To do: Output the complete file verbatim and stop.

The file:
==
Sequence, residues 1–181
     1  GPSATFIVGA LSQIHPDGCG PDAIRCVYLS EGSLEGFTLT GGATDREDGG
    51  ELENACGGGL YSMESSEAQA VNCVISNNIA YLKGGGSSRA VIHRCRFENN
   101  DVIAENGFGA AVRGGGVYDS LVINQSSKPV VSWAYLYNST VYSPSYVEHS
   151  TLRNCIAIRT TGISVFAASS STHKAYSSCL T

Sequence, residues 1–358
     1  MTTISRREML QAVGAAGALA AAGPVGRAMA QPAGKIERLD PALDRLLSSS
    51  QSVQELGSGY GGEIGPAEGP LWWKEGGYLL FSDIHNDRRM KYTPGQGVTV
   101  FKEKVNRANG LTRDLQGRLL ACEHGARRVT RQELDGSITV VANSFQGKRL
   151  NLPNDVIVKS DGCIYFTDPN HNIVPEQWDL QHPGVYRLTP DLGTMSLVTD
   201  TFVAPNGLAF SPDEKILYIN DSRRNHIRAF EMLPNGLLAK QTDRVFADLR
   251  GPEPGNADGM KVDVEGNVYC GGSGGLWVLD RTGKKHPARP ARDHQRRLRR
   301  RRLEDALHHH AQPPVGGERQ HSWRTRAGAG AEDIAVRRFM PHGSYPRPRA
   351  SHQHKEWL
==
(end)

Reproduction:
Sequence, residues 1–181
     1  GPSATFIVGA LSQIHPDGCG PDAIRCVYLS EGSLEGFTLT GGATDREDGG
    51  ELENACGGGL YSMESSEAQA VNCVISNNIA YLKGGGSSRA VIHRCRFENN
   101  DVIAENGFGA AVRGGGVYDS LVINQSSKPV VSWAYLYNST VYSPSYVEHS
   151  TLRNCIAIRT TGISVFAASS STHKAYSSCL T

Sequence, residues 1–358
     1  MTTISRREML QAVGAAGALA AAGPVGRAMA QPAGKIERLD PALDRLLSSS
    51  QSVQELGSGY GGEIGPAEGP LWWKEGGYLL FSDIHNDRRM KYTPGQGVTV
   101  FKEKVNRANG LTRDLQGRLL ACEHGARRVT RQELDGSITV VANSFQGKRL
   151  NLPNDVIVKS DGCIYFTDPN HNIVPEQWDL QHPGVYRLTP DLGTMSLVTD
   201  TFVAPNGLAF SPDEKILYIN DSRRNHIRAF EMLPNGLLAK QTDRVFADLR
   251  GPEPGNADGM KVDVEGNVYC GGSGGLWVLD RTGKKHPARP ARDHQRRLRR
   301  RRLEDALHHH AQPPVGGERQ HSWRTRAGAG AEDIAVRRFM PHGSYPRPRA
   351  SHQHKEWL